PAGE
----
EVcast.com is the home of the EVcast. The EVcast is a podcast dedicated to bringing consumers the latest information on electric vehicles in a non-technical, non-political, and entertaining way. Don't forget, you can also subscribe to this podcast via iTunes or your favorite podcatcher.
Watch this Blog
Notify me by e-mail any time a new post is made to this blog.
The EVcast is a podcast dedicated to bringing consumers the latest information on electric vehicles in a non-technical, non-political, and entertaining way.
Become Our Platinum SponsorProduct ID: 00000003Currently In Stock: 0
For the main sponsor, you get the big prize! A 622px wide x 100px tall banner that will appear on just about every page within EVcast.com, including blog posts. On the homepage, in place of the banner you will have a custom ... More »
August 2008 Posts
Don't just listen to the EVcast -- experience and be a part of it! Join us at 1:00pm Eastern, M-F, in our live video broadcast and chat along with us!
What? No blog entries yet? Well, let me get the ball rolling!
First- good job going solo Ryan!
Next- the Michigan Messenger article with the disgruntled Volt worker? This is one of the side-effects of Internet-based News gathering- stories from large, well-established papers look and arrive via RSS feeds with the same weight as articles from smaller, less-known sources. This is both the great strength of the Internet and its great weakness. What is needed is a variation of ‘Caveat Emptor,’ that will translate to “let the READER beware:-0”
The article seemed a bit inaccurate, inconsistent, incomplete- and exaggerated! The author’s ‘Auto experts’ amounted to two, and one of those was an anonymous GM worker speaking opinion, not fact. I found it odd that the bulk of the article centered on this one, anonymous speaker. And the University expert? He does not seem to have done not much homework on the subject- he can’t tell what kind of progress is being made? Besides the GM-Volt site by Lyle Dennis, there are also Youtube videos of test drives of the Volt system via Mules. GM, if anything, has been significantly more open about the Volt development than any car in the past! And the comment on ‘no battery technology breakthrough?’ This is the whole point of the Volt- there has been enough battery development, well-documented on Li-Ion and its variations, to more than describe its newer capabilities- and the Volt’s onboard ICE generator is what will make up the Li-Ion short-comings.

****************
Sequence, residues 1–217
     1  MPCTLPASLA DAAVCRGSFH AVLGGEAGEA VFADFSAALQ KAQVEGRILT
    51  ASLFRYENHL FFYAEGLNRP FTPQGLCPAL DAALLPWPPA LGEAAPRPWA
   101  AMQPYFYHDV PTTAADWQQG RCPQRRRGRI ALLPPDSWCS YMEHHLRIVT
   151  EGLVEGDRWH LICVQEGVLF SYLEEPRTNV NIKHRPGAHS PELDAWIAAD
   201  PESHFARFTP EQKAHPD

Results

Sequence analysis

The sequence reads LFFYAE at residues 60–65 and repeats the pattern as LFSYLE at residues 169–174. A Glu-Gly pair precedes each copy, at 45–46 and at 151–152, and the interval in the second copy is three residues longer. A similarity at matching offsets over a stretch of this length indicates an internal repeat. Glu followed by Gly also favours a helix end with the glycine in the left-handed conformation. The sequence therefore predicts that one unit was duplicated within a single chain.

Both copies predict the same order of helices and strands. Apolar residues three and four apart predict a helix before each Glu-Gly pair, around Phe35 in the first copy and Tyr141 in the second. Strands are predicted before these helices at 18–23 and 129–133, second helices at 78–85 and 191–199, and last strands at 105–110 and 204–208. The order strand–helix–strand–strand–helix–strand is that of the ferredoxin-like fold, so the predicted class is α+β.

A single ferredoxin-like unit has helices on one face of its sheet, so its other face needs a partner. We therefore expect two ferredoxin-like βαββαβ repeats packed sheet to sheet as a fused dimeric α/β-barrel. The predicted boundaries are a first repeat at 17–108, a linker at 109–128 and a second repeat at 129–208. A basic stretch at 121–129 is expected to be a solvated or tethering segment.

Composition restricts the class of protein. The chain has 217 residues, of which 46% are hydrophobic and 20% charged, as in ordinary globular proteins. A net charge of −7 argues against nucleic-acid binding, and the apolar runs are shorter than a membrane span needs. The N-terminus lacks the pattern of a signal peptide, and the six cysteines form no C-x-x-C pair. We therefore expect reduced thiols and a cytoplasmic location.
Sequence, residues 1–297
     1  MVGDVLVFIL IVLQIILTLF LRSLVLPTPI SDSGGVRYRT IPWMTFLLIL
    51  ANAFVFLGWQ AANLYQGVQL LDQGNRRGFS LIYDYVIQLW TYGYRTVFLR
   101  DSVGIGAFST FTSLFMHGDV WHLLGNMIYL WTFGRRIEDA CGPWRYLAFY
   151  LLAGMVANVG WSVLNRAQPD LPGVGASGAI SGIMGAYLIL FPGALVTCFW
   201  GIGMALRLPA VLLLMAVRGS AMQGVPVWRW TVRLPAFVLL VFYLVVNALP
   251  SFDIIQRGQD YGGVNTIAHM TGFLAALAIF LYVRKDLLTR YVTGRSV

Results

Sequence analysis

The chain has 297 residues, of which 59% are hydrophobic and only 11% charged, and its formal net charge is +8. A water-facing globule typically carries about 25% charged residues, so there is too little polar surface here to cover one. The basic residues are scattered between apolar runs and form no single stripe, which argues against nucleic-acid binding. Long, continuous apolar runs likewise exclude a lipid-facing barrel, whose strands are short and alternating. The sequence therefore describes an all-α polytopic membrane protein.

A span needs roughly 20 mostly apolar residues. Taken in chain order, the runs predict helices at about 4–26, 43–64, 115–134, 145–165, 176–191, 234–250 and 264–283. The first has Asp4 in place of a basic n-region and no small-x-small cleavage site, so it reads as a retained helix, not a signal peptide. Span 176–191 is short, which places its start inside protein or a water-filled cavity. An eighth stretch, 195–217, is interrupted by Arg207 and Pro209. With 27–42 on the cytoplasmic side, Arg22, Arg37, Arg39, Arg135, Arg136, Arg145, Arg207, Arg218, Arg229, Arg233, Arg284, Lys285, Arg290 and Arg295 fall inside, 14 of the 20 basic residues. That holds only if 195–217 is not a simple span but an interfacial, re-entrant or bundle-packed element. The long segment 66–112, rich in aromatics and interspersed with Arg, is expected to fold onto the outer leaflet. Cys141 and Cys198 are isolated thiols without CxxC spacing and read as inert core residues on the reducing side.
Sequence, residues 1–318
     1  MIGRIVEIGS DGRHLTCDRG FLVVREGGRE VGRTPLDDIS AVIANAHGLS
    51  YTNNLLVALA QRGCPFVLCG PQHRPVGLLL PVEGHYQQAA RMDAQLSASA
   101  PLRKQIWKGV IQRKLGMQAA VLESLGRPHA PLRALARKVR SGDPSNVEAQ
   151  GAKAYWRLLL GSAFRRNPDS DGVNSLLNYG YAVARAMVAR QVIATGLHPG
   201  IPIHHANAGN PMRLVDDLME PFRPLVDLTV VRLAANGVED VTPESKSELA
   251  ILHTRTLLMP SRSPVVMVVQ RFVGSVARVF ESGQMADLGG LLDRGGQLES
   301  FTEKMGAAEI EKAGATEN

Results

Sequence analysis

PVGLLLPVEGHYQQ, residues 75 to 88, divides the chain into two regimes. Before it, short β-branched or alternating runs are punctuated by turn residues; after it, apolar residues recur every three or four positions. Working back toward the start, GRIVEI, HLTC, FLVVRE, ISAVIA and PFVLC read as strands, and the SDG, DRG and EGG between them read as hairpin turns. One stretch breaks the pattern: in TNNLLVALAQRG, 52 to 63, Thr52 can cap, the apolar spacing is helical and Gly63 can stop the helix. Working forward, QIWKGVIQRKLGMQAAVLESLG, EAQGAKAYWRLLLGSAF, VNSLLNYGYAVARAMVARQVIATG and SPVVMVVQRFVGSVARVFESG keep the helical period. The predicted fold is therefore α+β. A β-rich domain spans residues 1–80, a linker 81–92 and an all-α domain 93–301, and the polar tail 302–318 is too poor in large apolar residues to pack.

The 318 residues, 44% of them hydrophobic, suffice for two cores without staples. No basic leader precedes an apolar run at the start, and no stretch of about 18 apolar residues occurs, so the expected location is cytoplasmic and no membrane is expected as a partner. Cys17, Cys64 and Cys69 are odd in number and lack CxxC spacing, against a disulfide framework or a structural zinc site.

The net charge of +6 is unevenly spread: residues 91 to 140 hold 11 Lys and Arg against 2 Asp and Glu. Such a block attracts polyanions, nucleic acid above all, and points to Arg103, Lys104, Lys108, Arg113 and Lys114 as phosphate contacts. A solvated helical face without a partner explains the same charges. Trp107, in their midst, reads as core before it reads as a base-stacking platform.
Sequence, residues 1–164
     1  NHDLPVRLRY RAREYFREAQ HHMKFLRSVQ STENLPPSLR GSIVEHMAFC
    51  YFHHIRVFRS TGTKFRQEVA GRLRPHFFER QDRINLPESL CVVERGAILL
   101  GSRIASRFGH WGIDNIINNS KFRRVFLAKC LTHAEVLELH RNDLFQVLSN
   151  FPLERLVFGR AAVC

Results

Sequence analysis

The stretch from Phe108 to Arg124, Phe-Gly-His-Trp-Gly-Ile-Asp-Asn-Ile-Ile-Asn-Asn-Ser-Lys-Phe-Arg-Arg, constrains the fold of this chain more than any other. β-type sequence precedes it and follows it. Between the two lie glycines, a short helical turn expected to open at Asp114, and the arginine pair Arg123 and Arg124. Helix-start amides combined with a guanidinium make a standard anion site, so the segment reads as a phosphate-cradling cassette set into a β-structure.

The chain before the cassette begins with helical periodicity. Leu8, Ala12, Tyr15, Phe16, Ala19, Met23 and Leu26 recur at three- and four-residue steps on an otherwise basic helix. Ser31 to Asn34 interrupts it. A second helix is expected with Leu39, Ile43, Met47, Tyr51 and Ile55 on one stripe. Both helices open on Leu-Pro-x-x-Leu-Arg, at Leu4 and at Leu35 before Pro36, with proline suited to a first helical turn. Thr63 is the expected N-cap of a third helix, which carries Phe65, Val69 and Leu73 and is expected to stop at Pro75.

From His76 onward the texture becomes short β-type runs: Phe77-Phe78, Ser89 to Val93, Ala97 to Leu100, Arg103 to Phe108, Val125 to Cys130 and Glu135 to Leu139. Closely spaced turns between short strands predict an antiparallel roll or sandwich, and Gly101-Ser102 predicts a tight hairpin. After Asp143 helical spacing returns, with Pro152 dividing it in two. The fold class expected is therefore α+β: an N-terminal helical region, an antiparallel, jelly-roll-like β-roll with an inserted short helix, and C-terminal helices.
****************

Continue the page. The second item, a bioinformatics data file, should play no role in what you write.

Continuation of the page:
And the unsubstantiated 48-hour charge time? Where in the world did the author come up with that! The article certainly does not cite a source, showing more shoddy reporting (maybe they confused it with the PV roof of the SunMotor's car;-).
I am glad the Internet gives equal time to many inputs- it allows someone with minimal resources to get their product or their message out- but when such poor work is disguised as news, and too much credence is lent to it, I begin to worry! Of course, on the flip side, there are excellent sites like the EVCast;-)
quote comment add new comment
There is nothing in the article that is really damaging or untruthful to the Volt. If anything it just points out GMs ideology, why they would take the EV-1 off the road, make owners pay for scratches, and then crush them when many people would buy them as-is. Basically it is a watch out for GM and not a watch out for the Volt.
These are the articles that make the internet so powerful, you don't have to go through the dozen men that own all the newspapers.
IMHO, unsubscribe from your newspaper.
Bill, I think you are being a little harsh on GM. I agree that making people pay for scratches and then crushing the cars seems totally mean spirted. But I don't think beaucratic organizations plan these things out, they just happen. Went you create a lease agreement, paying for scratches is normal and reasonable. Every company does that and GM did as well. Crushing cars that have a questionable future service record is also normal in the car industry. Other companies do this as well in connection with their insurance companies. Those EV1's were a liability to GM and someone made the call to crush them. In all probability, it was a bad call, but it is is not as strange as it might sound.
As for employees with a negative opinion of a product under development... welcome to the real world. As a design engineer for 20 years, I can tell you that it is very normal to have people on the team that have serious doubts about the product under development. They may be right, they may be wrong, but they are always there. I would not be too worried about it. The engineering process usually prevents terrible products from making it too far down the road.
LaterJohn C. Briggs